Binance Becomes Second-Largest Voting Entity on Uniswap DAO

Uniswap’s founder has accused Binance of using customer funds to amass governance votes.

AccessTimeIconOct 19, 2022 at 4:09 p.m. UTC
Updated Oct 19, 2022 at 8:30 p.m. UTC
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Binance, the world’s largest centralized crypto exchange by volume, recently became the second-most powerful voting member of the decentralized autonomous organization (DAO) governing Uniswap, the world’s most prominent decentralized crypto exchange.

Uniswap founder Hayden Adams alleged on Twitter that Binance managed to wrangle so much control by amassing UNI tokens – governance votes, in other words – that “technically” belong to Binance users.

The move is also being viewed as the latest example of how centralized entities are vying for control over decentralized infrastructure.

Uniswap – which launched on Ethereum in 2019 but has since expanded to other ecosystems – is what’s known as a decentralized exchange in that it allows users to buy and sell cryptocurrencies without a middleman.

A group of core developers maintains the Uniswap codebase, but key protocol decisions are governed by the Uniswap DAO, which grants users voting rights according to how many UNI tokens they hold. Users may also “delegate” their tokens to other entities, thereby enabling those entities to vote on their behalf.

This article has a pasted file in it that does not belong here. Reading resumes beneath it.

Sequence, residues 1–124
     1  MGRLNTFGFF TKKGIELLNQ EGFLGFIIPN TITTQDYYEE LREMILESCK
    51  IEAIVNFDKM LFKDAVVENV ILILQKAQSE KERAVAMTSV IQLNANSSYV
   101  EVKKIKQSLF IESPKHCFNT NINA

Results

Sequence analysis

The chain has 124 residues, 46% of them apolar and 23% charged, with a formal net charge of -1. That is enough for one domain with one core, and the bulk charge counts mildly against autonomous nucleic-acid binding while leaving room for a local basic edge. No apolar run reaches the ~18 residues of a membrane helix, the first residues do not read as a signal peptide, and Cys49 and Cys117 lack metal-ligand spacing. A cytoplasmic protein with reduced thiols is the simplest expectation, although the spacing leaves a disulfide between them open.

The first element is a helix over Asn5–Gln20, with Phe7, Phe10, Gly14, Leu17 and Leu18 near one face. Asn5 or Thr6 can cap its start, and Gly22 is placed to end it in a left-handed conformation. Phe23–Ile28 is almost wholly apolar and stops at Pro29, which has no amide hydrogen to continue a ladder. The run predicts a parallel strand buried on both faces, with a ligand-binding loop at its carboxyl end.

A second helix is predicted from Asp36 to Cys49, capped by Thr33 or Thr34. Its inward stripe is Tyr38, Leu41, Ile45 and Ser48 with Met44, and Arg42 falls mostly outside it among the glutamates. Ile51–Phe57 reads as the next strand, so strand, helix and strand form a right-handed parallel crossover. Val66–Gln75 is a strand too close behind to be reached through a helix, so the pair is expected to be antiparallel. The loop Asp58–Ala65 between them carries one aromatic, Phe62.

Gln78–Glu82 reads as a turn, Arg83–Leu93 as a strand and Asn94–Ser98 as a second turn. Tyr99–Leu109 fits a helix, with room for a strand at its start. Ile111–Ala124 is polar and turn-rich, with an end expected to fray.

Binance currently retains 5.9% of the voting power on Uniswap, second only to venture capital giant a16z, which controls 6.7%.

As the world’s largest cryptocurrency exchange, Binance maintains vast liquidity reserves of the tokens it supports on its platform, including Uniswap’s UNI. The exchange also controls custody of the funds that clients store on its platform – a matter of convenience that can negate certain security advantages and governance rights that go to users that opt to hold tokens in their own crypto wallets.

Binance's elevation within the Uniswap DAO is a “very unique situation,” says Adams, "as the UNI technically belongs to its users.”

The Ethereum address associated with Binance has not yet voted on any governance proposals, whereas a16z, by comparison, has voted 14 times.

Adams continued: “Normally more gov participation = good, however it’s unclear how Binance intends to engage.”

CoinDesk has reached out to Binance for comment.


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Sam Kessler

Sam is CoinDesk's deputy managing editor for tech and protocols. He reports on decentralized technology, infrastructure and governance. He owns ETH and BTC.

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